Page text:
About 39 percent of Indonesian university students have been exposed to radical Islamic ideology, Suhardi Alius, the head of Indonesia’s National Counterterrorism Agency (BNPT), told BenarNews.
The counter-terror chief confirmed a figure given April 28 by Budi Gunawan, the head of Indonesia’s National Intelligence Agency (BIN), during a lecture to a college seminar in Semarang, Central Java.
“That’s an estimate, we’re talking about a survey. That’s what it indicated,” Suhardi said in Padang, West Sumatra, on Wednesday. “The important thing … is that we recognize and prevent it.”
“Not just students, but their teachers also must be monitored,” he said. “These days I’m always visiting campuses.”
Wawan Purwanto, a BIN spokesman, said the figure came from BIN internal research conducted at state and private universities in 15 provinces in 2017.
“Three universities attracted BIN’s notice because of the high levels of dissemination of and support for radicalism and extremism,” Wawan said.
He declined to name the universities but said their rectors had been notified so they could address the situation.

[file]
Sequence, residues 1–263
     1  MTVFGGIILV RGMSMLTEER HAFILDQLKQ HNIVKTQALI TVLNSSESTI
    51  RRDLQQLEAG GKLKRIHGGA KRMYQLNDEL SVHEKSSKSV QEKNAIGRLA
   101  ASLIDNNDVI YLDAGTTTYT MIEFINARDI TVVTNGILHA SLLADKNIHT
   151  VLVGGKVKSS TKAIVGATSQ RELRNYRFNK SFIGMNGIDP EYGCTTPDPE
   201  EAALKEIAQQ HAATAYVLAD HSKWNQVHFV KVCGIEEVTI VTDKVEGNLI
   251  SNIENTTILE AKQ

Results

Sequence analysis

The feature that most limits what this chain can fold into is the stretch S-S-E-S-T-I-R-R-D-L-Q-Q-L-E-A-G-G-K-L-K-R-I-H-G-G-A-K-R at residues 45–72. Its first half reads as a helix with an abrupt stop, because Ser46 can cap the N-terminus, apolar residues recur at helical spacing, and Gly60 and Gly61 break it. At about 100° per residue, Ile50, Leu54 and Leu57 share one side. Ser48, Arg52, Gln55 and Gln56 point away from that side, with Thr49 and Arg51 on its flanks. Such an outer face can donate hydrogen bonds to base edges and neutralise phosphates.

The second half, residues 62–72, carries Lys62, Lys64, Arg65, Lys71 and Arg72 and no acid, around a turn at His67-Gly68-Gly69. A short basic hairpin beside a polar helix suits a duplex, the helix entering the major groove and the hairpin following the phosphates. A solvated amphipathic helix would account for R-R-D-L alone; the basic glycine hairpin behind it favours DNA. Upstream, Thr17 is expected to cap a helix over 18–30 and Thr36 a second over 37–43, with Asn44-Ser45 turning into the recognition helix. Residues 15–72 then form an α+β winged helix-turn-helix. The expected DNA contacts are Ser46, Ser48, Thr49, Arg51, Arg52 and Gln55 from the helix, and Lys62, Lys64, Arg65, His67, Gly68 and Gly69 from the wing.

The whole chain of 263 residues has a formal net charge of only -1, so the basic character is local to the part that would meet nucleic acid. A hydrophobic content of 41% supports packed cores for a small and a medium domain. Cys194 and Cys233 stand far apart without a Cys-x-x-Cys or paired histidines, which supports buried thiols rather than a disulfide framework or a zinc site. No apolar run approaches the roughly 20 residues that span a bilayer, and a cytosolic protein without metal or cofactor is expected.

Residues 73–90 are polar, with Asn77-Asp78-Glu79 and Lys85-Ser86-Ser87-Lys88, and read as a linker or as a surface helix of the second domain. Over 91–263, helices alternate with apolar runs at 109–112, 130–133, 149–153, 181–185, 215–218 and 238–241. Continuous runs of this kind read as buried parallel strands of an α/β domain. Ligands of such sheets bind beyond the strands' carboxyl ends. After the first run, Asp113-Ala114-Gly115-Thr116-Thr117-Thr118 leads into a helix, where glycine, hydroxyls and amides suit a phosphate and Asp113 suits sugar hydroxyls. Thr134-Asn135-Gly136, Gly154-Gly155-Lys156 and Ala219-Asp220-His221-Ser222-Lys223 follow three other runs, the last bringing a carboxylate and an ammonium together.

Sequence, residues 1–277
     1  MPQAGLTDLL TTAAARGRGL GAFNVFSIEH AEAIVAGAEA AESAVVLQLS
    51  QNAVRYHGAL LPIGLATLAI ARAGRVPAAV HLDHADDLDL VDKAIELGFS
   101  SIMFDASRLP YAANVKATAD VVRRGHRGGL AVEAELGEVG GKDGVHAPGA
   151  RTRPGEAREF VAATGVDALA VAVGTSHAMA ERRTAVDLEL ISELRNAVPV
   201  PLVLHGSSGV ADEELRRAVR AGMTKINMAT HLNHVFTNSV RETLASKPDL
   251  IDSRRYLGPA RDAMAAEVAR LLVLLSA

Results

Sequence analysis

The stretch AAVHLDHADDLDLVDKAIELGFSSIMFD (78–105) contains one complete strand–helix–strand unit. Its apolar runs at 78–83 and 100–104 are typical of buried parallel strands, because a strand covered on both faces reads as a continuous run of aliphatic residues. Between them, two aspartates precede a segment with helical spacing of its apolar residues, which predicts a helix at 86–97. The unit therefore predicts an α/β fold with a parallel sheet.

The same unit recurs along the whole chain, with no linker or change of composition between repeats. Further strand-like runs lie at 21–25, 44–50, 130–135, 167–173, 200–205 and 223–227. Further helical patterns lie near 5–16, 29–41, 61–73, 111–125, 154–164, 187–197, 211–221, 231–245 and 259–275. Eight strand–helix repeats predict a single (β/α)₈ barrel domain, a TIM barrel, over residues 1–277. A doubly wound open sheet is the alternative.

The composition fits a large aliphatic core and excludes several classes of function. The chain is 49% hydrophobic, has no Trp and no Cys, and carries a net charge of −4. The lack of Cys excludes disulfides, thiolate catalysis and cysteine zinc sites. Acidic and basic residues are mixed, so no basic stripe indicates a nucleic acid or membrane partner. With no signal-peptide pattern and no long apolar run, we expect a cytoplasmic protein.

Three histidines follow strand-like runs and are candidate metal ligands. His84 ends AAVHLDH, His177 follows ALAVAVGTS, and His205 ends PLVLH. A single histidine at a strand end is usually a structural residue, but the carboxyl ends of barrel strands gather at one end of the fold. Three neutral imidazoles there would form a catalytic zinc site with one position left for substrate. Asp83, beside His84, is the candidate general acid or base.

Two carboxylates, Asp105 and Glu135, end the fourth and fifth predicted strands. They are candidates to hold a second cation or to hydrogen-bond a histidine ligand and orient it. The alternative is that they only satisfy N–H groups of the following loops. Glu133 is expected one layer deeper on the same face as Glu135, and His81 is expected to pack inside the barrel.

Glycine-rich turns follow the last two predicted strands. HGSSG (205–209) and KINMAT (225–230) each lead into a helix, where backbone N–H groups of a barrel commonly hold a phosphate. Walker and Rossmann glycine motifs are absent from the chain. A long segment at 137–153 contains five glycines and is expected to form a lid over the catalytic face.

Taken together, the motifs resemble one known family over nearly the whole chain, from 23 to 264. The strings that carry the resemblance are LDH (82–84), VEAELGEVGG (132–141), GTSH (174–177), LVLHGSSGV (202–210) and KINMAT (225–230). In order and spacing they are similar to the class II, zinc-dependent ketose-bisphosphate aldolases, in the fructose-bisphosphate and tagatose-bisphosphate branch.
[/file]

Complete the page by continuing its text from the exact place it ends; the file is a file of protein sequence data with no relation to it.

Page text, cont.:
“Ignorning it could have a negative impact, as when a person who is a sympathizer later becomes a supporter of terrorist acts,” he told BenarNews.
On tens of thousands of questionnaires distributed at universities, he said, many respondents indicated they would support making Indonesia an Islamic state, and expressed support for the so-called Islamic State of Iraq and Syria, he said.
“They were asked to mark ‘agree,’ ‘don’t agree’ and ‘don’t know.’ The graphic showed that 24 percent of college students and 23.3 percent of high school students agree with the concept of violent jihad,” Wawan said.
Full story: BenarNews
M. Sulthan Azzam and Tria Dianti
Jakarta and Padang, Indonesia
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